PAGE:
Nosferatu. Perhaps the horror movie. A silent film from 1922, it is a classic of its kind. In just the nine preceding movies I’ve watched this month, I’ve seen at least two overt references to it. I’ve never seen anything but short clips from it, so I thought it was high time to change that. I will admit that I was a bit hesitant to watch a ninety minute silent film. It’s not, as you might have guessed, my preferred style of entertainment.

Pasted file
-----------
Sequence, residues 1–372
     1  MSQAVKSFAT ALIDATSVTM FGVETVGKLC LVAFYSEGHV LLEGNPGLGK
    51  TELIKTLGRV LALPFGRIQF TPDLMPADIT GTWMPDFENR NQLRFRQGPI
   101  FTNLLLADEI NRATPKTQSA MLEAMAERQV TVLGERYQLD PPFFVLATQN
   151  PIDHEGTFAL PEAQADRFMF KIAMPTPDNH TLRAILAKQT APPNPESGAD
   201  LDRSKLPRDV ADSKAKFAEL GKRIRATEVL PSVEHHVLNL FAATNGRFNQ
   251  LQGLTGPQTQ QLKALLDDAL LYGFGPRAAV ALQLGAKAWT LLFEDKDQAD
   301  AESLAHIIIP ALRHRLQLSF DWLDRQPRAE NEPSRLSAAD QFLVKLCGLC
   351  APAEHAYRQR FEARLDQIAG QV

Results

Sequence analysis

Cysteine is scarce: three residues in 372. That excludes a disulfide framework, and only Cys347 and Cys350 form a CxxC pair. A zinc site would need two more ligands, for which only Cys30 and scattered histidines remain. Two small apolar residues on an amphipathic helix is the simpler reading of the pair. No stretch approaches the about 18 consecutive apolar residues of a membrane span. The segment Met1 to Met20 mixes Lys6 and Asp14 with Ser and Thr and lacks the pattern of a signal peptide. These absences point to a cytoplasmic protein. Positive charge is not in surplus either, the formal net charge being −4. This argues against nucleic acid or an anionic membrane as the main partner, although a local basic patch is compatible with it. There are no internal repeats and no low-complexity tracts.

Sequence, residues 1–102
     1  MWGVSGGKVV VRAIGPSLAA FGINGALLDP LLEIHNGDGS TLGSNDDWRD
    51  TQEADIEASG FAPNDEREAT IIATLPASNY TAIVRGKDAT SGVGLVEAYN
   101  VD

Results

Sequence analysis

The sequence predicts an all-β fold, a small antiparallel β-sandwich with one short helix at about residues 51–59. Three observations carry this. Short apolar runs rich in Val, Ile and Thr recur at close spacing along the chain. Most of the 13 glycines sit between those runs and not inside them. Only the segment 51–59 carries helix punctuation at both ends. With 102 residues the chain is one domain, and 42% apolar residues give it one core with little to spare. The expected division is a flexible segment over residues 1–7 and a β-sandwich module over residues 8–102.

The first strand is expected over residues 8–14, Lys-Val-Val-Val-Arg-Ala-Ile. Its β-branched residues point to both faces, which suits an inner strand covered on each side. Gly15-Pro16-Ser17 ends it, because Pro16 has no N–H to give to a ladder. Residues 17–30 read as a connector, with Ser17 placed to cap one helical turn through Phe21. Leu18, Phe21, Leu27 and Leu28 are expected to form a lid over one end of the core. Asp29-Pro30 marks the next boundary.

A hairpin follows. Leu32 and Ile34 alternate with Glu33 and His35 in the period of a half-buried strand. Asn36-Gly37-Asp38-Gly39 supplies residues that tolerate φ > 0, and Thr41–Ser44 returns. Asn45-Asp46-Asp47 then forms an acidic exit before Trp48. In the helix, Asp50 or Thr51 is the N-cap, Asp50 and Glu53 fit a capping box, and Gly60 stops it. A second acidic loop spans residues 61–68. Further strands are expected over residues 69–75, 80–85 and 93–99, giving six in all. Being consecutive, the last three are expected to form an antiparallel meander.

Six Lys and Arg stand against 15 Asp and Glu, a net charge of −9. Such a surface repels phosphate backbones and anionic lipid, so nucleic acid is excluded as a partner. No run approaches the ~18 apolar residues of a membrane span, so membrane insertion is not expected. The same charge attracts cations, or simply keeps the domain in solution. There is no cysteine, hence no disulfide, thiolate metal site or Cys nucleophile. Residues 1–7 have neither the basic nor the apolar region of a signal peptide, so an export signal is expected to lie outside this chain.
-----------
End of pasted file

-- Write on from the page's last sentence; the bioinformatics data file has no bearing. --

The story, of course, is that of Dracula with the names changed. Even ninety years ago copyright was jealously guarded. As unsure as I was if I would like a silent film (youth of today etc. etc.) I found myself strangely captivated by the exaggerated performances. There’s certainly nothing subtle about the performances, but since they’re all equally theatrical it definitely works as a whole. And silent or not the pace is nigh perfect and keeps you drawn in. The restored version I watched was also accompanied by an orchestral version of the original score, which lent the movie even more atmosphere. The greatest attraction, though, is Max Schreck as count Orlok. His appearance and manners provide an otherworldly quality to the vampire that I don’t think I’ve seen anywhere else. I might have enjoyed it more for its historical value than as a piece of entertainment, but I certainly liked Nosferatu far more than I thought I would.